Benign prostatic hyperplasia is common in older men and if a man lives long enough, he will get BPH unless he is fortunate enough to be a member of the small percentage of men who don’t get BPH. Technology has caught up with BPH to the point where benign prostatic hyperplasia can be cured both short-term and permanently if the right therapy is chosen. However, to leave an enlarged prostate untreated is to potentially risk long-term bladder damage if BPH becomes severe enough. The different levels of treatment for BPH are summarized below.
For BPH cases where lower urinary tract symptoms are mild, a wait-and-see approach may be the most beneficial, at least to start with. Not all men get a bad case of benign prostatic hyperplasia right away or at all, so it can be monitored and simple lifestyle choices can be implemented to minimize the side effects from LUTS.
During watchful waiting, some men may decide to try a few alternative therapies such as herbal supplements like saw palmetto, pygeum, or stinging nettle to possibly relieve some BPH symptoms. Lifestyle changes such as going to the restroom whenever you have the chance, urinating as soon as you feel the urge, exercising frequently, not drinking too much before bed (especially beverages containing alcohol or caffeine), avoiding cold and sinus medications whenever possible, reducing stress and other lifestyle adaptations can make BPH more bearable.
When watchful waiting has run its course and the next step is desired, BPH medications are often the choice many men make before considering surgery. BPH medications fall into two categories: Alpha-blockers and 5-alpha-reductase inhibitors.
Alpha-blockers. Also known as alpha-adrenergic antagonists, these medicines cause the muscles around your bladder to relax, making it easier to urinate. These drugs were originally used to treat high blood pressure. They seem to work best in men with moderately enlarged prostates. Common side effects include decreased ejaculation and low blood pressure. These drugs should not be taken with medications for erectile dysfunction, such as Viagra or Cialis. Alpha-blockers include:3
- Tamsulosin (Flomax)
- Alfuzosin (Uroxatral)
- Terazosin (Hytrin)
- Doxazosin (Cardura)
Enzyme inhibitors. Also known as 5-alpha-reductase inhibitors, these medicines shrink the prostate gland by reducing the amount of testosterone the body converts into dihydrotestosterone, a hormone that prostate tissue needs to grow. These drugs take longer to work than alpha-blockers. They also lower PSA levels (a high level of PSA can indicate prostate cancer), making it harder to screen for prostate cancer. Enzyme inhibitors include:3
- Finasteride (Proscar)
- Dutasteride (Avodart)
- Botulinum toxin (Botox)
A combination therapy that includes taking an alpha-blocker and an enzyme inhibitor at the same time may be prescribed by a doctor to cover all bases if needed.
Surgery is often the treatment of last resort for some men, but for others, surgery may represent an opportunity to take care of their BPH symptoms more quickly and permanently compared to waiting around for alternative therapies or medication to begin working. Surgery can be especially beneficial for men who are suffering from severe BPH symptoms and could permanently lose the use of their bladder if BPH progresses further.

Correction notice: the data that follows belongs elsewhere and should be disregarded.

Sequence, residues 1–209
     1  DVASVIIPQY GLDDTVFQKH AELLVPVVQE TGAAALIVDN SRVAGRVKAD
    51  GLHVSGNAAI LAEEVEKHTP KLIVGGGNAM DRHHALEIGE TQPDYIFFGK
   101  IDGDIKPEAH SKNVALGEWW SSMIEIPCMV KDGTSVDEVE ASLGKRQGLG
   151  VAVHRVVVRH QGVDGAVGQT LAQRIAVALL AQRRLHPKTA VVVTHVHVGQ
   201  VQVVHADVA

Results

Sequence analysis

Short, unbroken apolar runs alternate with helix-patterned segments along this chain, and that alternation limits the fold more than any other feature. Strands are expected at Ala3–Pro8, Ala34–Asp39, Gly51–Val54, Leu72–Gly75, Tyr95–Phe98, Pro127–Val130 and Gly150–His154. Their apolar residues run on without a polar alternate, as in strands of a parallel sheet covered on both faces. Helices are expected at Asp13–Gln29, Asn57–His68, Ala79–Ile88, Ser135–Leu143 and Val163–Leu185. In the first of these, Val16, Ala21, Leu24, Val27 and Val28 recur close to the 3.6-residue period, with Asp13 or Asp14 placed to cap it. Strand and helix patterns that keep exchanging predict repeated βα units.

Some popular prostate surgical procedures include but are not limited to, the following treatments which address every size and shaped prostate depending on the limitation of each surgical procedure.
- Laser Enucleation (HoLEP)
- Prostatectomy (Simple)
- Robotic Assisted Simple Prostatectomy (RASP)
- Prostatic Urethral Lift
- PVP Greenlight Laser
- Transurethral Incision of the Prostate (TUIP)
- Transurethral Resection of the Prostate (TURP)
- Water Vapor Thermal Therapy
Benign prostatic hyperplasia (BPH) management offers a plethora of choices depending on the severity of the prostatic hyperplasia, the size of the prostate, and the desired outcome. Benign prostate enlargement is not prostate cancer, but it can nonetheless present bothersome lower urinary tract symptoms which, left unchecked, can alter behavior, health, and lifestyle if BPH is allowed to dictate its terms. Effectively managing BPH by utilizing the best lifestyle modifications, alternative therapies, BPH medications, or surgery, benign prostatic hyperplasia can be controlled or eliminated for good if the right therapy is chosen. Prostate tissue continues to grow throughout a man’s life and many men will suffer through bothersome BPH symptoms, but it doesn’t have to be this way. Science has now caught up to BPH, and once diagnosed, very effective treatments are available for BPH management.
All surgical treatments have inherent and associated side effects. Individual’s outcomes may depend on a number of factors, including but not limited to patient characteristics, disease characteristics and/or surgeon experience. The most common side effects are mild and transient and may include mild pain or difficulty when urinating, discomfort in the pelvis, blood in the urine, inability to empty the bladder or a frequent and/or urgent need to urinate, and bladder or urinary tract infection. Other risks include ejaculatory dysfunction and a low risk of injury to the urethra or rectum where the devices gain access to the body for treatment. Further, there may be other risks as in other urological surgery, such as anesthesia risk or the risk of infection, including the potential transmission of blood borne pathogens. For more information about potential side effects and risks associated with Aquablation therapy for Benign Prostatic Hyperplasia (BPH) treatment, speak with your urologist or surgeon. Prior to using our products, please review the Instructions for Use, Operator’s Manual or User Manual, as applicable, and any accompanying documentation for a complete listing of indications, contraindications, warnings, precautions and potential adverse events. No claim is made that the AquaBeam Robotic System will cure any medical condition, or entirely eliminate the diseased entity. Repeated treatment or alternative therapies may sometimes be required.